“Mother Hicks is a witch.”
This is the rallying cry for the small community of Ware, Illinois in the 1930s depression. The frustration of the Great Depression affects this community by bringing them together against a common enemy.
Mother Hicks (played by Jacqueline Fisher-Parks) lives outside the town and is seldom seen, but her presence is often felt. Her backstory of tragedy and loss keeps her an outcast.
The story is narrated by Tuc (played by Adam Hsu), a young deaf man, as he narrates the story through sign language. Tuc sees more than anyone else in the small community.
As Tuc narrates, we follow a young orphan girl, simply named Girl (played by Hannah Davis). The townspeople have taken care of Girl taking turns having her in different households, but the town is running out of stable families as the depression deepens. Girl’s foster family has to move on and send her away because of the farm the father works at is foreclosed. Girl is forced to move in with the couple who run the local mortuary.
She is not happy about that.
In comes Wilson Waker (played by John Frederick), a stranger who sets events in motion for Girl to find out her real connection with Mother Hicks.
This story is brilliantly written by Suzan Zeder and has been playing in theaters for 30 years. Suzan Zeder has also written a sequel and prequel to this story. This is a classic piece of Americana exploring a challenging time in the history of this great country and the tenacity of the people who live here.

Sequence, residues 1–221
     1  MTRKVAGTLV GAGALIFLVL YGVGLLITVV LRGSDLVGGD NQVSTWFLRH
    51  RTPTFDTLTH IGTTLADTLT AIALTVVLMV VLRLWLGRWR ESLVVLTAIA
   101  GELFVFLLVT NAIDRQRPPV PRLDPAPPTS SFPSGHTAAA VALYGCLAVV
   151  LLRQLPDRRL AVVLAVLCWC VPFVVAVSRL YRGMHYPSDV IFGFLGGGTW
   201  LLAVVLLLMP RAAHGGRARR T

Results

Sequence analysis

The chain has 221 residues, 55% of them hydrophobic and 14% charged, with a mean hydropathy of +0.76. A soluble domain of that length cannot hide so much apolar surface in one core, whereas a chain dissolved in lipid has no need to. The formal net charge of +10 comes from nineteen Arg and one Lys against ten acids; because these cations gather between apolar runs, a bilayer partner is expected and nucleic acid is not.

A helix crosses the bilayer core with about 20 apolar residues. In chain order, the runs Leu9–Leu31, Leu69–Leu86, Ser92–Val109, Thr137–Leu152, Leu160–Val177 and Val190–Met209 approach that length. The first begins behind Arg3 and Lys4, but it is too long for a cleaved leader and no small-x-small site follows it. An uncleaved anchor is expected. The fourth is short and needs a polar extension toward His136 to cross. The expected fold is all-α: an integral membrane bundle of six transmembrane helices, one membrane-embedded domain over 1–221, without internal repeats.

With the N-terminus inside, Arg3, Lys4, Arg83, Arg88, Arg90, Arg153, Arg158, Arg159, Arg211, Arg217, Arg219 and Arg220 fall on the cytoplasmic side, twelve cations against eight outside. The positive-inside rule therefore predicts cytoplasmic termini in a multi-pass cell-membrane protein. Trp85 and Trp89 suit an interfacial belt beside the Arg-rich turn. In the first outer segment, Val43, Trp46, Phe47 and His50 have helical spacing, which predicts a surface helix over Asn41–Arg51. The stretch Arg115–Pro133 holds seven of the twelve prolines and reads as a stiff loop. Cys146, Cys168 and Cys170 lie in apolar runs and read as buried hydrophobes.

Stacey Spain directs this very talented cast and brings out the passionate energy of the cast. It is hard to find any flaws with this production.
Let’s talk for a minute about the cast.
Hannah Davis is spectacular as Girl. This is one of her best roles and as Girl, Hannah shows that she is taking her craft very seriously indeed.
Adam Hsu plays Tuc with a quiet but energetic delivery that is truly the cement that binds the show together.
Jacqueline Fisher-Parks plays Mother Hicks to a tee, with the energy of a woman haunted by loss but still connected to life in the way she know best.
John Frederick plays Wilson Waker, the stranger that sets events in motion for Girl. John also adds his considerable musical talents to setting the mood and adding translation as Tuc uses sign language to guide us through this story.
The rest of the cast shine as they show us how this small town comes together. They add song to the play and before the play starts members of the cast entertain the audience as they find their seats with wonderfully inspired music.
Every member of this cast plays their roles powerfully so that we feel that we know the characters they portray.
- Elijah Frederick plays Ricky Ricks
- Lynette Brown plays Izzy Sue Ricks
- Greg Klino plays Jake Hammon
- Theo Siefert plays Howie Hammon
- Deanna Podstawa plays Alma Ward
- Anthony Mendoza plays Hosiah Ward
- Kevin McCray plays Clovis P. Eudy
Lisa Kurt — many of you know her for her wonderful paintings — designed the set. This is one of the best sets I have seen and really brings the audience into this small town adding the atmosphere of depression-era Illinois.
Unfortunately, I was not able to take photos of the show as I could not make preview night, but here are a few of the cast party.
This is a wonderful production, as we have come to expect from Reno Little Theater, but Mother Hicks is even more than just wonderful. There is a passion that I felt from the cast, the story, and even the set.
Mother Hicks plays from March 10th to March 26th. For more information and show times check out Reno Little Theater’s Website: http://renolittletheater.org/